What is the DSA’s approach to online disinformation? Is sharing it “banned”? Are any criteria established?
Some users have shared that this law will be a way for institutions to "block due disinformation" content that "contradicts the authorities". Disinformation by itself is not prohibited by EU law. But as we have seen, it does impose measures to eliminate or encourage the elimination of 'illegal content'. Therefore, if a publication that spreads disinformation is not illegal, it will not be treated in this way, thus respecting freedom of expression. If a post spreads disinformation that contains illegal content, it will be bound to restrictions.
Now, there are certain considerations in the DSA that can help reduce disinformation on certain topics. The text establishes that large platforms must prevent their services from being exploited to disseminate or amplify content with negative effects on:
- The exercise of fundamental rights.
- Democratic processes, civic discourse and electoral processes, as well as public security.
- The protection of public health, minors, a person's physical and mental well-being, or that promote gender-based violence.
To this end, platforms must analyze their systems, algorithms, and design to carry out a risk assessment (Art. 34) and create a strategy to reduce this risk of exploitation to disseminate or amplify content with negative effects (Art. 35). The text specifies that, in doing so, they must focus not only on the risks associated with illegal content, but also on “how their services are used to disseminate or amplify misleading or deceptive content, including disinformation” (Rec. 84). That is, they must try to ensure that their service does not favor harmful but legal content, among which you can include disinformation publications if they have an impact on the aforementioned aspects. External audits (Art. 37) or codes of conduct (Art. 45) are some of the measures contemplated. Specifically, the current Code of Practice on Disinformation will become a way to demonstrate that these obligations to reduce the spread of harmful disinformation are met.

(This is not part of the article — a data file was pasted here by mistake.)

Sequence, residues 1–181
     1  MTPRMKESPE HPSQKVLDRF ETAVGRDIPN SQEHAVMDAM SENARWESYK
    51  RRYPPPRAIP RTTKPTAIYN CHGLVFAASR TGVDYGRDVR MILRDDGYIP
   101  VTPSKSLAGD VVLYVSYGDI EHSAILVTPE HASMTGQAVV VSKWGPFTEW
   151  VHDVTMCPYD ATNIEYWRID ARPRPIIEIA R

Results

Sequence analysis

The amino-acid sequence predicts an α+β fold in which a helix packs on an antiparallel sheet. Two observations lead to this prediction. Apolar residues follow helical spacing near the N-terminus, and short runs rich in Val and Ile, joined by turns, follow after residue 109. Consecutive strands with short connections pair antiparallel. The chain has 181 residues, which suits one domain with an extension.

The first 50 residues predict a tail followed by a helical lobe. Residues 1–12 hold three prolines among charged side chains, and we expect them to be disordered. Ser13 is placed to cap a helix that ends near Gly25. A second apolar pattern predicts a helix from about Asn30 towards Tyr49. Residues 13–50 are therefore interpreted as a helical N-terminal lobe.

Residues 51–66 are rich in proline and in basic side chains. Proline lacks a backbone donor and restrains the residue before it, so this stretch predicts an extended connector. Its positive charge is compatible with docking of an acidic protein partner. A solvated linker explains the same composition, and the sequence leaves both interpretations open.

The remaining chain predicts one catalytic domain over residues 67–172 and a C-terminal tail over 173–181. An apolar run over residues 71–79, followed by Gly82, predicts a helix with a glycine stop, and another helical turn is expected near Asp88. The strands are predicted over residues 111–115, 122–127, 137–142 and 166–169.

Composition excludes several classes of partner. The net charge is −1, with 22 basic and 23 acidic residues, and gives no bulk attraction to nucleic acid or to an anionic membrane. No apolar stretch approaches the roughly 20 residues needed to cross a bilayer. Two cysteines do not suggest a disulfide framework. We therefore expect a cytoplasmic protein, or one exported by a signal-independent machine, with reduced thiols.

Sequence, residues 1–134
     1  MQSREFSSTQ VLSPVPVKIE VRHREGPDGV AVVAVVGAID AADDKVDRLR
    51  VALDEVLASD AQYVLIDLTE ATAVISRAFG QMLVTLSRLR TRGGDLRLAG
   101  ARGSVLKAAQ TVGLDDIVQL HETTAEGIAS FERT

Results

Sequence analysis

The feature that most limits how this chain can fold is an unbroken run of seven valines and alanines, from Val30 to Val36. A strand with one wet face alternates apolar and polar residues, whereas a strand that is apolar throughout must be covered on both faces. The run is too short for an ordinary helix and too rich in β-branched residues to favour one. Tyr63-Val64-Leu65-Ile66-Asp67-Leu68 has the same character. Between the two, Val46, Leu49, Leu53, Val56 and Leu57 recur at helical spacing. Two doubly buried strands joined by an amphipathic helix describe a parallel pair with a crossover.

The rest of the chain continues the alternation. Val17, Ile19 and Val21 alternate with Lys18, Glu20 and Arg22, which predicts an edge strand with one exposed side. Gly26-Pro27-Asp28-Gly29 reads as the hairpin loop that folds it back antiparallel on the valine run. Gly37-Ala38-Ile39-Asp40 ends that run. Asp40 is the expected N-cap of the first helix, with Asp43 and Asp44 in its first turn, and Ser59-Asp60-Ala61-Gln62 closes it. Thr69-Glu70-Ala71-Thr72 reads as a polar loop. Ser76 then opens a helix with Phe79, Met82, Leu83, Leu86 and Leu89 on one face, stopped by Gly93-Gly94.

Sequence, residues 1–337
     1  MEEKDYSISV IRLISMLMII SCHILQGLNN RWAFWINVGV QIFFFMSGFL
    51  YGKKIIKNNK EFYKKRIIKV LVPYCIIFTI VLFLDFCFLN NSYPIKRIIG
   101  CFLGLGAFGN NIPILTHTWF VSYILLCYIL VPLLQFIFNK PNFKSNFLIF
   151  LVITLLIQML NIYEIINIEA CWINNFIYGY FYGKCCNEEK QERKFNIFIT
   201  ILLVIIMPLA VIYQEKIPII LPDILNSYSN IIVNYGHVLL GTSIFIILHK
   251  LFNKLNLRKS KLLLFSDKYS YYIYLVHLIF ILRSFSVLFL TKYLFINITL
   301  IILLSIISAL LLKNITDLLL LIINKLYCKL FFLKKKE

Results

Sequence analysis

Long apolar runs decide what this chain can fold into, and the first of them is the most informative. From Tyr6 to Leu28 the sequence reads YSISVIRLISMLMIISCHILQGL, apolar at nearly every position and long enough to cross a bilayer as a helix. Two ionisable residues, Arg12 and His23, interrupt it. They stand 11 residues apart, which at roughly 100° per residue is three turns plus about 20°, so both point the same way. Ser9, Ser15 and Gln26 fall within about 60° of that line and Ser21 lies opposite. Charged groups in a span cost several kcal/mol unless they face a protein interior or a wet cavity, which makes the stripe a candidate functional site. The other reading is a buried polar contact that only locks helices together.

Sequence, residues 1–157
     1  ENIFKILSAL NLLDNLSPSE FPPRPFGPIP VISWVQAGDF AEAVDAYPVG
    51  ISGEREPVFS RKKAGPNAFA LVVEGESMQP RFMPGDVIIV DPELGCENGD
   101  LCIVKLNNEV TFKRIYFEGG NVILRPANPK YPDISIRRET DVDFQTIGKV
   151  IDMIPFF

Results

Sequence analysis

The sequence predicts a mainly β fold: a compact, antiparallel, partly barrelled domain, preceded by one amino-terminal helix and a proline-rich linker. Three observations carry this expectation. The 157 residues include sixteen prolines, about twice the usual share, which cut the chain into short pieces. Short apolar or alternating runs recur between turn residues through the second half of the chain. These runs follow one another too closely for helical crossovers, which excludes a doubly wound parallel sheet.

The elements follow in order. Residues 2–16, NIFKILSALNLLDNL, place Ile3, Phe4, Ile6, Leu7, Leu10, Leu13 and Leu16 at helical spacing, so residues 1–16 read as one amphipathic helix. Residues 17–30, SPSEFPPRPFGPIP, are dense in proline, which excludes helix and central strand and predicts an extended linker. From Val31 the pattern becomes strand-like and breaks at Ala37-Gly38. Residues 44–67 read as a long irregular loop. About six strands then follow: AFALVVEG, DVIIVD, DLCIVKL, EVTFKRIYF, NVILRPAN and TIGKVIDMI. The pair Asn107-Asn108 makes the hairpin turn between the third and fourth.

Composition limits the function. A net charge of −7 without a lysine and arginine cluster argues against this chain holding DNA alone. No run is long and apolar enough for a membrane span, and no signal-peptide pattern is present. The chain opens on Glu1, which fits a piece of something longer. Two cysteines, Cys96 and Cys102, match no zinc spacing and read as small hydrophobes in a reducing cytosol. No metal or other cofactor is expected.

How will the DSA maintain a fair balance with fundamental rights like freedom of speech?
The protection of the freedom of expression is at the core of the regulation and this fundamental right is named on numerous occasions. For this reason, the obligations on illegal content seek a balance: they try to prevent platforms from abusing the removal of content for reasons of illegality but without escaping from their responsibilities.
Users have the option to challenge decisions made by online platforms to remove their content under the DSA, even when those decisions are based on the platforms' terms and conditions. Users have three options for dispute resolution:
In the case of very large online platforms and large online search engines (VLOPs and VLOSEs), users will be able to better understand the ways in which these platforms impact our societies and these platforms will be obliged to reduce those negative effects, including the dangers that may precisely attack fundamental rights such as freedom of expression.
Who will make sure that companies comply with the DSA?
The DSA does not regulate all companies equally, but establishes a range of obligations in four categories, which depend on the services provided by the companies and the number of users they have. Among them, the very large online search engines and platforms (VLOSEs and VLOPs) stand out, which are the applications that, due to their number of active users in the EU, (more than 45 million a month) can have a greater social impact, like Twitter and Google.
Based on this categorization, the authorities in charge of ensuring that each type of company complies with the law are also different. On the one hand, VLOPs and VLOSEs will be supervised by the European Commission, specifically, by a team of experts within the Directorate-General for Communications Networks, Content and Technology (CNECT). This aims to ensure strict supervision over the most influential digital platforms and that it is uniform across the EU. Their work will be key so that the DSA does not fall on deaf ears and it translates into positive changes for the users of the platforms.